For me, on an uneven lawn I laboured to keep balance and to utilise the area available but persisted because I felt I HAD to do it each day. Then for health reasons it was decided for me to let go and rest up a while. Then recently one afternoon I found the porch area to try using the flat floor. I did the set very slowly, deliberately, being more conscious of the moves and the benefits my body was getting from being aware of the benefits I was receiving, both physically and especially mentally. At the end of the set there was sense of relief, satisfaction and pleasure that I had not experienced earlier. Slow is wonderful. Thank you Master Moy.
I wondered at the beginning whether I would have the motivation or the discipline to do daily practice, but as it has turned out, I rarely miss doing the foundations, tor-yus, dan-yus, and a set – usually outside in the garden. Aside from a very pesky fantail bird, there are no distractions which makes it so much easier to let my mind drift, even to the point of utterly losing where I am going and having to repeat whole sections of the set. It all feels softer, and less effortful, leaving me with a lovely feeling of stillness and contentment – even when I have messed up! There is no pressure to pay attention to anyone else, just to enjoy being alone in my body and feeling whatever is going on without any judgement.
Jess my dog always chews her bone when I do tai chi outside. Recently when I was standing at the end of a set she came and pushed her head up into my hand. She stood there quite still for a long time. This is unusual because she usually fusses and pushes with her nose when she wants attention. She has done this quiet thing a few times now. I don’t know what she is feeling but for me it feels good just to stand together.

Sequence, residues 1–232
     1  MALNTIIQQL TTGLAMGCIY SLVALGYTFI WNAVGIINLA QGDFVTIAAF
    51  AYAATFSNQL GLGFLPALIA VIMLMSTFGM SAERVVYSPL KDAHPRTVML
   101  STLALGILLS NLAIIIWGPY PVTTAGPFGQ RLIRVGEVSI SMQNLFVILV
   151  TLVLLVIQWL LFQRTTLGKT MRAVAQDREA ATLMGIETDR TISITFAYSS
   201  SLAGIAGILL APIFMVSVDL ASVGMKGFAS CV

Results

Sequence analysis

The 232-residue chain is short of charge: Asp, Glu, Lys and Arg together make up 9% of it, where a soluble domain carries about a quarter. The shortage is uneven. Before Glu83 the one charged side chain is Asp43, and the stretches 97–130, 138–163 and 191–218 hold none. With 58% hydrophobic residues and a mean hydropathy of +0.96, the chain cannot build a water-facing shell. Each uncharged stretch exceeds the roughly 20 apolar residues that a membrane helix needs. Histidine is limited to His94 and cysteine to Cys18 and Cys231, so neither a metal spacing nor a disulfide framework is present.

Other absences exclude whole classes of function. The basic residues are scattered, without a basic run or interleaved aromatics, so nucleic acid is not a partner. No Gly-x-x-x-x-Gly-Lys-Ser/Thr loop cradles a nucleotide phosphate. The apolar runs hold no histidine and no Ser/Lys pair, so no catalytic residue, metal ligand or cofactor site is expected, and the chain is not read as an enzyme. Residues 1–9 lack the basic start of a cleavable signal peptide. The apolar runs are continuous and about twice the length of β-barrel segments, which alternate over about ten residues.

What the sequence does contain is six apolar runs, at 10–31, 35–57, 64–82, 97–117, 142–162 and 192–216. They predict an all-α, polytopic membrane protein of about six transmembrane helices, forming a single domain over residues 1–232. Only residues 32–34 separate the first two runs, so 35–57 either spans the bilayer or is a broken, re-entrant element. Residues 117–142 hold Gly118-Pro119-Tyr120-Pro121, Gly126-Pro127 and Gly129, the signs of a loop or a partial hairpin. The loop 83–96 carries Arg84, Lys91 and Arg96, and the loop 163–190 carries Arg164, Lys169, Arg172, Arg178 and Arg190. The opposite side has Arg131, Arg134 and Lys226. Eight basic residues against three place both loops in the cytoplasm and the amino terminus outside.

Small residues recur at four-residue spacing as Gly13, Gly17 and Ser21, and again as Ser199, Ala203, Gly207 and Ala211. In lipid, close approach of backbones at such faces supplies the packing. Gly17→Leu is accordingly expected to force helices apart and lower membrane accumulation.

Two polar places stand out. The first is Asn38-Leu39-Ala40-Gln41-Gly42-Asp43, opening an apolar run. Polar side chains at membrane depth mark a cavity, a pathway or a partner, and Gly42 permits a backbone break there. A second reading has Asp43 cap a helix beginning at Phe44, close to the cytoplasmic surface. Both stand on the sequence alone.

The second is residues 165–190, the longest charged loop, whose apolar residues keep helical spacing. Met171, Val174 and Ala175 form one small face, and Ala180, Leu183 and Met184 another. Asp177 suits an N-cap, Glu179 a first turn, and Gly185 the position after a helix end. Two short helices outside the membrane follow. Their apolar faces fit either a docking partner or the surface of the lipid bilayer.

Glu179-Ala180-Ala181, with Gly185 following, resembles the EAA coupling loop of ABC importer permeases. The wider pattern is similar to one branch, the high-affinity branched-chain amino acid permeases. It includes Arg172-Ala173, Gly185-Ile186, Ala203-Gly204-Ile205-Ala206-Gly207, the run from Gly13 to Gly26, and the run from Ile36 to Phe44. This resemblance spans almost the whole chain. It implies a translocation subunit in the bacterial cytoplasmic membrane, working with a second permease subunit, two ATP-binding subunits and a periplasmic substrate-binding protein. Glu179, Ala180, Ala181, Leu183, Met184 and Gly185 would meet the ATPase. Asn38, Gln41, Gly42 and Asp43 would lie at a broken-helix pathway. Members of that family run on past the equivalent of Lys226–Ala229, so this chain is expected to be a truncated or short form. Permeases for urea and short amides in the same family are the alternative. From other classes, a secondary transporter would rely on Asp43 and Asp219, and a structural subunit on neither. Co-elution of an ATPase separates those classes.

When the country went into lockdown, I joined a Zoom chat which advised us to go deeper with our Tai Chi as we practised in isolation. I thought to myself that it might work for instructors and some others, but it wouldn’t work for most of us. How wrong I was, and how pleased I am that I decided to attempt a set on the deck every day. I have enjoyed working on a very, very slow set and feel that after five weeks my balance has improved, and I can actually hold a move for a second or two without wobbling or falling into the next move.
Leaves rustling, birds chirping, phone propped on rubbish bin, MULTIPLE TAKES – that photo shows me sometimes I do Tai Chi with my eyes closed, that photo shows me sometimes I hunch, that photo shows me sometimes I don’t finish the move, that photo shows me sometimes I don’t smile … more things to ponder as I do my Tai Chi in lockdown. And on another note I have discovered a real enjoyment of chanting twice a week since I’ve been in lockdown – and my asthma has significantly reduced.
Although I’ve missed the class experience I’m also fascinated about the daily reflective practice that my tai chi has become. After a walk around my local park I settle to foundations then a set and sometimes a little Lok Hup Ba Fa. My set feels more fluid and less ‘thought’, definitely softer. I’m enjoying the sense of release and opening. I’ve gained a new daily habit that I never would have attempted before, being public.
Solo Tai-Chi. I do it on the sloping driveway facing away from the setting sun. I do it in sections on the tile floor after moving table and chairs. I do it on the grass in the back garden and in the local park. I do it on the patio facing the fiery black and red clouds of dawn. I do it slowly. Or fast, to fit it in before the day has fled into night again. I just do it. I miss out chunks. I get caught in a repeating loop. I can feel relaxed, invigorated, challenged, meditative, distracted, wobbly, stable, curious …. all in one set. So I just do it every day and I am never bored. NEVER BORED!
When we started our country-wide lockdown, it was a case of “tai chi cold turkey” for me. I really miss the communal and social aspects of gathering together. However after a day or two I got going with outdoor sessions. Fascinating that the external quietness and slowing down has helped foster the internal stillness and clarity that we so often strive for – if we just slow down and stop striving so hard, it just comes! Enjoying repeating moves and finding out more and more. I think the sense of wellbeing, gratitude and calm has been my most interesting find. But I still miss everybody!!